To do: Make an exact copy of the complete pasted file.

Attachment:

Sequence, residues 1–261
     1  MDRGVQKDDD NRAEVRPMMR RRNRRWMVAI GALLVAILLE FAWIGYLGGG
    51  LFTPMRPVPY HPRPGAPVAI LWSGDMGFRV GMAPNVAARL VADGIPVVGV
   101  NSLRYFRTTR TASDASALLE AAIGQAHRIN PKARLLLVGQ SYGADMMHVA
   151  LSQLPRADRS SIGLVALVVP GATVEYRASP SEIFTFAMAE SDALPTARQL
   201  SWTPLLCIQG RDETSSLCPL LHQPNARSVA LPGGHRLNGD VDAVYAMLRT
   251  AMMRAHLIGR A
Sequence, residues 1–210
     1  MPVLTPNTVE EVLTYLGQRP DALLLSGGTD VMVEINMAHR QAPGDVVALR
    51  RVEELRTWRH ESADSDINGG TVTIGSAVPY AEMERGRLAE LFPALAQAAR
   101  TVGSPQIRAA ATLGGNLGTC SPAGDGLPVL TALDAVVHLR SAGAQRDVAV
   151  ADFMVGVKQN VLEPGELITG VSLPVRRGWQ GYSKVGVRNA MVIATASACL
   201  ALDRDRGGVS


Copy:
Sequence, residues 1–261
     1  MDRGVQKDDD NRAEVRPMMR RRNRRWMVAI GALLVAILLE FAWIGYLGGG
    51  LFTPMRPVPY HPRPGAPVAI LWSGDMGFRV GMAPNVAARL VADGIPVVGV
   101  NSLRYFRTTR TASDASALLE AAIGQAHRIN PKARLLLVGQ SYGADMMHVA
   151  LSQLPRADRS SIGLVALVVP GATVEYRASP SEIFTFAMAE SDALPTARQL
   201  SWTPLLCIQG RDETSSLCPL LHQPNARSVA LPGGHRLNGD VDAVYAMLRT
   251  AMMRAHLIGR A
Sequence, residues 1–210
     1  MPVLTPNTVE EVLTYLGQRP DALLLSGGTD VMVEINMAHR QAPGDVVALR
    51  RVEELRTWRH ESADSDINGG TVTIGSAVPY AEMERGRLAE LFPALAQAAR
   101  TVGSPQIRAA ATLGGNLGTC SPAGDGLPVL TALDAVVHLR SAGAQRDVAV
   151  ADFMVGVKQN VLEPGELITG VSLPVRRGWQ GYSKVGVRNA MVIATASACL
   201  ALDRDRGGVS